Divorce is hard on California couples, particularly divorces that involve children. After a divorce is finalized, and a custody schedule is in place, you may want nothing more than to take your children on a fun, international adventure to help everyone heal and move forward with your new life.
However, international traveling with your children will be more complicated now that there is a co-parent in the picture. Except in extreme circumstances, a custody order generally cannot forbid you from taking vacations with your children, but there are still many things you should do to decrease the chance of a conflict.
Follow your custody agreement
Your custody agreement likely includes a vacation schedule, which you must follow no matter what. If your custody agreement allows you 1 week of vacation time per year with your children, do not plan a 2-week trip to France.
You and your co-parent always have the option of agreeing to follow a different schedule than the one in your custody agreement. Therefore, if your co-parent tells you they agree to the 2-week France trip, you are free to go, but get their agreement in writing.
You do not necessarily need to execute an entirely new custody agreement, but a written and signed statement from them saying they agree to the vacation, with specific dates and locations, will protect you if they try to take you back to court later and argue that you did not follow the custody agreement.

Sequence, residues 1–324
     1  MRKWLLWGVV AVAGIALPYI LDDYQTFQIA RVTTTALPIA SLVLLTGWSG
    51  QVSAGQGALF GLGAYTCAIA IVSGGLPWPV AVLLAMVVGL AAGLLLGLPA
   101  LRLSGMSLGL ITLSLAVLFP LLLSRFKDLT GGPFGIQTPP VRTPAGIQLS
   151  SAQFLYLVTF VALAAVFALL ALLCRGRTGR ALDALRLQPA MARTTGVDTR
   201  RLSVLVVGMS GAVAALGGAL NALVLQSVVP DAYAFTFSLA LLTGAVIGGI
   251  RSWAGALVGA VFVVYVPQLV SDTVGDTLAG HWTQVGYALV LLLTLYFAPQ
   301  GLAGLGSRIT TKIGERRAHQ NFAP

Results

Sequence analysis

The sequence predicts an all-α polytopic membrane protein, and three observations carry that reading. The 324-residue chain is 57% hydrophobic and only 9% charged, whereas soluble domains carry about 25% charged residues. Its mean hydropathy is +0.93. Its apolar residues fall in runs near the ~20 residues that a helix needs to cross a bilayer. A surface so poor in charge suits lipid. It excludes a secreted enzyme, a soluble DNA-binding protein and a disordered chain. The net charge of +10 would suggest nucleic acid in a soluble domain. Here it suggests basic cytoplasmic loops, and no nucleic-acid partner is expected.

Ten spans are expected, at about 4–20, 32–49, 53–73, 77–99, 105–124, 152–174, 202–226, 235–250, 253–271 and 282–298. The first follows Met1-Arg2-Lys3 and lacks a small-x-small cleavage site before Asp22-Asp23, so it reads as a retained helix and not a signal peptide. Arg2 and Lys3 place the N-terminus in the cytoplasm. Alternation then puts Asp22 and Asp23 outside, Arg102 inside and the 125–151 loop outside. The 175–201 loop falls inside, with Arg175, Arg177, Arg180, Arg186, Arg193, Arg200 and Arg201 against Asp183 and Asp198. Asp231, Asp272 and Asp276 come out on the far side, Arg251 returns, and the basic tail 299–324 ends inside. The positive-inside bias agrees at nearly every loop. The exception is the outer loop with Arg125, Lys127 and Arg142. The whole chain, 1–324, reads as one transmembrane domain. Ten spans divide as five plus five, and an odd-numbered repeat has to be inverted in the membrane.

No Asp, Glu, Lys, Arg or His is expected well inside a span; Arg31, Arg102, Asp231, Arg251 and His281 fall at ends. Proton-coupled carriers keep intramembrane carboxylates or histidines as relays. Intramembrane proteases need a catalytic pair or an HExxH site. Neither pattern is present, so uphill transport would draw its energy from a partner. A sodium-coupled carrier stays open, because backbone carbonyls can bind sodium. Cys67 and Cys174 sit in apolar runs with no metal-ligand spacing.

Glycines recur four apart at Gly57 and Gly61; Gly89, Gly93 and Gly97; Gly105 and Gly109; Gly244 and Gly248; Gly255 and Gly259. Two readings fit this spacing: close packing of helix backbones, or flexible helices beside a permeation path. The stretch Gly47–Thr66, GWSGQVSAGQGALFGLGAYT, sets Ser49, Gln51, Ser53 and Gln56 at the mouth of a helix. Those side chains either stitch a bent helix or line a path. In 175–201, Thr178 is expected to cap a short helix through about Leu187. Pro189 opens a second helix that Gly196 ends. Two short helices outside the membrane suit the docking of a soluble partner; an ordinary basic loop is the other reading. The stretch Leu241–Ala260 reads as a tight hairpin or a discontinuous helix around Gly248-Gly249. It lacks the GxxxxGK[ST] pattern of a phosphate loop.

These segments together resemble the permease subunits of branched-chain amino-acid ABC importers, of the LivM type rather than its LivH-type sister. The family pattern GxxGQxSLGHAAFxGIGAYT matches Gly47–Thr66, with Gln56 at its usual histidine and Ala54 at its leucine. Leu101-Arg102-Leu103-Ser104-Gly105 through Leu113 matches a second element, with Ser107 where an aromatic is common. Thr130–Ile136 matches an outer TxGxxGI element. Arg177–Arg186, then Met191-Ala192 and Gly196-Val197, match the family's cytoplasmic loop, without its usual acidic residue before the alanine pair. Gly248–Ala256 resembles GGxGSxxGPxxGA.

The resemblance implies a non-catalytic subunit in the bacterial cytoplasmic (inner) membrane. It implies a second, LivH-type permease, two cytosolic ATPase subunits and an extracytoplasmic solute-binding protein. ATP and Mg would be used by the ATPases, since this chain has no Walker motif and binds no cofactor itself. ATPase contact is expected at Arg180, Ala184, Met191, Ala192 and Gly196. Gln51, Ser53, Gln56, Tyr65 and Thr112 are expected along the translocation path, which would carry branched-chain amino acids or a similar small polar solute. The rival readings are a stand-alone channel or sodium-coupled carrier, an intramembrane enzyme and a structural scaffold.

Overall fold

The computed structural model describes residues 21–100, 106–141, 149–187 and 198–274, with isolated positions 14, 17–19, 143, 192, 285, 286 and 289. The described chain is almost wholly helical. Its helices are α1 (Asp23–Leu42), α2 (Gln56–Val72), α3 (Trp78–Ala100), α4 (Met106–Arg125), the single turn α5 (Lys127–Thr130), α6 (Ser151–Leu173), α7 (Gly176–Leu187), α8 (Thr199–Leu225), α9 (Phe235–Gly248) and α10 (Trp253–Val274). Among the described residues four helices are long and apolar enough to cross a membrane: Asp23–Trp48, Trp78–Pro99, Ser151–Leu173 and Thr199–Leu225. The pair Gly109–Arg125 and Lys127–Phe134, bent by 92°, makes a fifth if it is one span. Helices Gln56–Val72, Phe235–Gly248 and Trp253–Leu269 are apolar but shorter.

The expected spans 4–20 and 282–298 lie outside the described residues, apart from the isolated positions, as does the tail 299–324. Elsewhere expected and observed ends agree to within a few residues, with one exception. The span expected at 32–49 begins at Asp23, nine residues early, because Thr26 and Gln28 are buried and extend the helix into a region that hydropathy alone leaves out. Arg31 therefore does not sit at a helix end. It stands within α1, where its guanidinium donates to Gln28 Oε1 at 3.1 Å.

Challenges sometimes arise when it comes to securing passports for children. You and the other parent must both cooperate to obtain passports for minor children under age 16. Your co-parent may refuse to help for various reasons, such as fear that you will flee the country with the children or safety concerns about where you are traveling.
If you overcome these issues and plan your trip, provide your co-parent with trip details. Let them know the dates you will gone, exactly where you will be, who you will be with and any other information that they would need if something happened.
Advice tailored to your situation
In conclusion, yes, you may certainly travel with your children after a divorce, but the process will not be as simple as it used to be. An experienced divorce attorney can provide you with helpful advice as you plan your travels.